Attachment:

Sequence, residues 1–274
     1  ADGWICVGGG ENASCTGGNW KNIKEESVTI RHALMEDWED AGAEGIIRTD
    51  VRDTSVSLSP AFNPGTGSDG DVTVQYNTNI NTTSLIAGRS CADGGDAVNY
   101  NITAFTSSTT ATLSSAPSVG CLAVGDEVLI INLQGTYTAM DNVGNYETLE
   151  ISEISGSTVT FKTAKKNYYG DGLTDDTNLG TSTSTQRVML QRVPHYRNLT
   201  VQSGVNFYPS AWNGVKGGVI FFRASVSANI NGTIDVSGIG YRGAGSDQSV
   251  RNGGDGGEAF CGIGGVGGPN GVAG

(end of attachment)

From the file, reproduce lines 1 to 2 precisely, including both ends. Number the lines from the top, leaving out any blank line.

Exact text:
Sequence, residues 1–274
     1  ADGWICVGGG ENASCTGGNW KNIKEESVTI RHALMEDWED AGAEGIIRTD